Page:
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Construction & industry, the concrete alliance of the digital twin


“At the frontiers of reality”, such was for a long time the topic of science fiction novels which, by dint of stories, tended to dissolve the frontiers between two worlds that were once perfectly dissociated: that of sensory reality and that of digital virtuality. These stories anticipated the interpenetration of these two worlds and thus opened up new horizons and new frontiers. Today, reality has joined anticipation: the virtual serves as a gateway to reality thanks to digital twins, also known as the digital twin.

Used for decades by NASA to monitor its missions in space, understand, diagnose and correct faults in a machine remotely, this concept has since taken its place in most sectors. The opportunities it offers are indeed considerable, particularly in the field of industry. Be careful though, the integration of a digital twin is above all a collaborative project of digital transformation.

Beyond BIM, the digital twin

In the era of digital transformation, buildings are connected and communicating. BIM (Building Information Modeling) embodies the “vital map” of the entire structure. However, it is no longer enough: this 3D cartography, a virtual representation of reality, will only be able to see its intelligence, or even its digital expression, evolve by adopting the concept of digital twin. It is the one through which data flows pass between real space and virtual space, in a reciprocal exchange of information.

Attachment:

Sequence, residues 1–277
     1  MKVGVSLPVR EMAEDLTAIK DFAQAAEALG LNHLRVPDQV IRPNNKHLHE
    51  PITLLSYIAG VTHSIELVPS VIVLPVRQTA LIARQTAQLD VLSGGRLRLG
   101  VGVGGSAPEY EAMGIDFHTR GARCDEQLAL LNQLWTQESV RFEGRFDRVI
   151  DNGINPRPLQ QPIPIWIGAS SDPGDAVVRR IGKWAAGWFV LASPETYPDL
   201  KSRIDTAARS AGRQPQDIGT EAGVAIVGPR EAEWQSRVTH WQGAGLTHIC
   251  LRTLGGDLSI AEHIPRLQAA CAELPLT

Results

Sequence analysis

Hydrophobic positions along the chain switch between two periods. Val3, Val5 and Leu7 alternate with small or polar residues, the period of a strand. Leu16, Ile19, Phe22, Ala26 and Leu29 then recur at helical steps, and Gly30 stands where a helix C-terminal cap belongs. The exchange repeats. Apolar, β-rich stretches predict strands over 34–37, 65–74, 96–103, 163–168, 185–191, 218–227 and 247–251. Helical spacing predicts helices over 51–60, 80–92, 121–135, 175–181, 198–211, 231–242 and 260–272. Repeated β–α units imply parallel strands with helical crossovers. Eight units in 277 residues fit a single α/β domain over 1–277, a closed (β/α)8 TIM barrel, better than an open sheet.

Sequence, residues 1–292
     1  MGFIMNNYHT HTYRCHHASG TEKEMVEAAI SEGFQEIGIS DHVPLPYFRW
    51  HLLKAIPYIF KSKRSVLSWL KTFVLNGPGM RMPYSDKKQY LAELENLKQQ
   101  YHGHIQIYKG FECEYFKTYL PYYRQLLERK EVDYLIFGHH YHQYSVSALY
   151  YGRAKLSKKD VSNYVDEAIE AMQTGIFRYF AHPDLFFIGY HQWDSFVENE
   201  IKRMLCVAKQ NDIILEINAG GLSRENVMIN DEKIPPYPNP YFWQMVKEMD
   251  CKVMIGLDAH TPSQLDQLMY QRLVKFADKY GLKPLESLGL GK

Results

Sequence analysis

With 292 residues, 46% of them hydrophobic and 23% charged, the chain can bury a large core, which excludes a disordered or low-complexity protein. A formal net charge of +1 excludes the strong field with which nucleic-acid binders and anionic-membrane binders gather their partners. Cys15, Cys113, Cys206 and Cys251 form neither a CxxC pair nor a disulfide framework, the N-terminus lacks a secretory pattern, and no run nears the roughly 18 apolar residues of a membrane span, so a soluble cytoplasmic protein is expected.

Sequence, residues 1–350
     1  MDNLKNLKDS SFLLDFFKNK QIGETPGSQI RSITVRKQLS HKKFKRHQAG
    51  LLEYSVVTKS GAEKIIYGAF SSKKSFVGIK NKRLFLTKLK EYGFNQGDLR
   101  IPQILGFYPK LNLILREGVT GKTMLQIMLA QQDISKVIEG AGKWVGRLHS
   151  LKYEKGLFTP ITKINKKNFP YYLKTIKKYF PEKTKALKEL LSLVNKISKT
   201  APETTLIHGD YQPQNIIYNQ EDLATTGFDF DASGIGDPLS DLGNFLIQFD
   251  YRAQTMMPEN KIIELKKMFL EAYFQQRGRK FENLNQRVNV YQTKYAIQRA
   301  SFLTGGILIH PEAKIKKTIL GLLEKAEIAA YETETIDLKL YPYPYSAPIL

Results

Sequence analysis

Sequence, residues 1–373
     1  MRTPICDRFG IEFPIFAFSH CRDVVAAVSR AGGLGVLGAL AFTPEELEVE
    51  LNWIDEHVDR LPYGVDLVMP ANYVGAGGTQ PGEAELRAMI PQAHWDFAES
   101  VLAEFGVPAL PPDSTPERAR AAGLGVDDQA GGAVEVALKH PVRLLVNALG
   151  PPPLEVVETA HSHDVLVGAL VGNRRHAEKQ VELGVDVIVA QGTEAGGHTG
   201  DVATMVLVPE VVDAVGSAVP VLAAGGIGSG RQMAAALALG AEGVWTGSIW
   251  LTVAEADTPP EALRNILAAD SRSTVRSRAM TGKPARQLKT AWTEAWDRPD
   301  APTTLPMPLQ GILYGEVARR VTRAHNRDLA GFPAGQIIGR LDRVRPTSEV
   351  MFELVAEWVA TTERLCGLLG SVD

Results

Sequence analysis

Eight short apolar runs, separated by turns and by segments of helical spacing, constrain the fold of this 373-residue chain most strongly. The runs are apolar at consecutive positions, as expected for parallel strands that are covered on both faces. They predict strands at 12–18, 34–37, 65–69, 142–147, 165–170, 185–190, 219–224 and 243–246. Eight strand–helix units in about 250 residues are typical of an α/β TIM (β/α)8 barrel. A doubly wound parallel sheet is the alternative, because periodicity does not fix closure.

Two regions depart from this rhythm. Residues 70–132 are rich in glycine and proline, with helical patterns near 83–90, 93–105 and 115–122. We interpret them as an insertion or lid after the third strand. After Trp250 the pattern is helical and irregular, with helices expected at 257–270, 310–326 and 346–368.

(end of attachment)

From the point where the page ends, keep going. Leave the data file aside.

It is a digital and systemic model of an object or a process which makes it possible to reach, aggregate and synchronize all the data related to its needs, its behavior, without having to systematically access the physical model. Its adoption, thanks to a set of sensors linking the different equipment to their 3D representation, makes it possible to reduce costs, monitor the production chain, optimize the maintenance and performance of a service or product, deal with possible material failures and, above all, to innovate. The added value compared to traditional processes is beyond measure, especially since once connected to a physical system, the digital twin will be so throughout its life cycle, thus committing ever more hardware and software reliability. .

Construction and industry, born under the sign of the twin

If the creation of a model is an essential step in the design of a building or its optimization, it is not sufficient without a valuable layer of analytics. Therefore, it appears that by converging with those related to the production chain, the specific data related to the building will make it possible to optimize the entire ecosystem of a factory as a whole. Just as the intersection of IT and OT is now an essential prerequisite for seizing the opportunities linked to Industry 4.0, having building data collaborate and interact with that of the production chain is now a must.

To achieve this, it was necessary to take full measure of what, once established and admitted, seems obvious: the design of the construction of a plant is inseparable from that of its operation. The problems are the same, only the notions of scale differ. The digital twin is the preferred instrument for this fundamental convergence of Industry 4.0. That dedicated to the building will therefore make it possible to think about the construction, to optimize the behavior of the building in the near future, by selecting the appropriate materials and configurations or by proposing modular spaces from the start.